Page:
Since this topic has come to the fore again, I am going to follow up on Bookshout and find out why they pivoted away from this type of service.  (I would hold this post and wait their answer but it is the day before Thanksgiving, and I doubt they will answer before Monday.)

I'm also going to look for more user reports on LeesID. Speaking of which, have you used it?

image by Elsie esq.

About Nate Hoffelder (11598 Articles)
Nate Hoffelder is the founder and editor of The Digital Reader:"I've been into reading ebooks since forever, but I only got my first ereader in July 2007. Everything quickly spiraled out of control from there. Before I started this blog in January 2010 I covered ebooks, ebook readers, and digital publishing for about 2 years as a part of MobileRead Forums. It's a great community, and being a member is a joy. But I thought I could make something out of how I covered the news for MobileRead, so I started this blog."

8 Comments on No need to wait for Disney to show how to tear down walled gardens, LeesID already does

  1. I haven’t used LeesId, but Joe Wikert is hopelessly confused. The equivalent of the Disney Anywhere already exists in ebooks. It’s called Pottermore.

  2. This already exists – it’s called “calibre” (with the appropriate plugin(s) if you’re dealing with DRM-infected files, which LeesID seems to be incapable of cleaning up).

  3. Are you really any better off it you use LeeslD for 5 or 10 years and then it goes bankrupt or decides to get out of the ebook business? Would you not be scrambling to download all of your books before they became inaccessible?

    Buy a book. Download it. Save a copy to your own local hard drive. Save a backup copy to your local backup hard dive.

  4. I was wondering why my books listed on bol.com are listed as having DRM since none of them do. I was just about to write Kobo about it, but you explained the problem. Interesting choice for the Dutch market, but not one that I’m happy about.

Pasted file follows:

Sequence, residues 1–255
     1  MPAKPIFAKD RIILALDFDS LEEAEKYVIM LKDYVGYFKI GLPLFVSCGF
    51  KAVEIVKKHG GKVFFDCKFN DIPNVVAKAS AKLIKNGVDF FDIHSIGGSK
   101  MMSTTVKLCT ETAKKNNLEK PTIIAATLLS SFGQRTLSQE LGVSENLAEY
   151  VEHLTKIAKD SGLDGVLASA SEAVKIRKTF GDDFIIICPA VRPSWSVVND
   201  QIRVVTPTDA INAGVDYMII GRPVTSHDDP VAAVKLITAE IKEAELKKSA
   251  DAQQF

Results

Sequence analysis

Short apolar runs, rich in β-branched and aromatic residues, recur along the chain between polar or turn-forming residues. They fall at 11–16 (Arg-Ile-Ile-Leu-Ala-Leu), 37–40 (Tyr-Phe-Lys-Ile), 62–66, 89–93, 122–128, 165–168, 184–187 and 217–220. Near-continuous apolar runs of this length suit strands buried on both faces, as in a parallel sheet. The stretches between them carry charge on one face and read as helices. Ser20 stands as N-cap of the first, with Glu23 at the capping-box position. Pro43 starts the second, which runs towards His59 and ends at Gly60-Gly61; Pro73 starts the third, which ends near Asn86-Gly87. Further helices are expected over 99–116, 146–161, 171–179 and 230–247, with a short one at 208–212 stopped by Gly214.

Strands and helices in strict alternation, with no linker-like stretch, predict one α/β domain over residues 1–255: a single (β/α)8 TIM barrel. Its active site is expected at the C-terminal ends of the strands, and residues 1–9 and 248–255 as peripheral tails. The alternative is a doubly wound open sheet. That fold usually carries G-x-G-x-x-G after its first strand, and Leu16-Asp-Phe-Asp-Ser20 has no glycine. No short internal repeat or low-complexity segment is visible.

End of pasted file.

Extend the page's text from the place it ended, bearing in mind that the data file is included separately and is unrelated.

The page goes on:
5. I think DRM is generally stupid, but I think sometimes too big a deal is made about it. It’s not a violation of humanity, it’s just bad business. Nothing in life lasts forever, and the idea that once you buy a book (or movie or music) you should have it forever seems a little silly. Pre-digital, books wore out, tore, disappeared, got thrown away, etc. It seems a reasonable tradeoff given all the advantages of digital that you run the risk that the format you bought in might get outdated years later or the company supporting it might go under. Buyer beware.

    Now, it’s a huge selling point that you have a reasonable belief that once you buy a book from Amazon, or Apple, you’ll have access to it forever, assuming the company stays around forever. I’ve personally never had a problem with Apple’s DRM or Amazon’s. Seems pretty transparent. And it’s not too much a hassle that the formats are incompatible. I suspect most customers feel the same way. Naturally, knowing something is DRM free can be a selling point also. But it’s not nearly enough of a selling point to outweigh the connivence of buying on Amazon or Apple. The garden inside the walls is pretty nice.

    Disney is in a unique position, because it might be able to make the same promise as Amazon or Apple and be platform independent. But it’s a rare example of someone with enough content and size to do so.

    I don’t see there a huge desire on the part of most consumers to escape from the “trap” of DRM. People willing to devote a lot of time to building DVR free libraries, and those trying to create platforms to assist that, are kind of in the techie rebel category like the small number who embrace Linux because it’s open source. I certainly wouldn’t want to try to build a business simply around escaping DRM.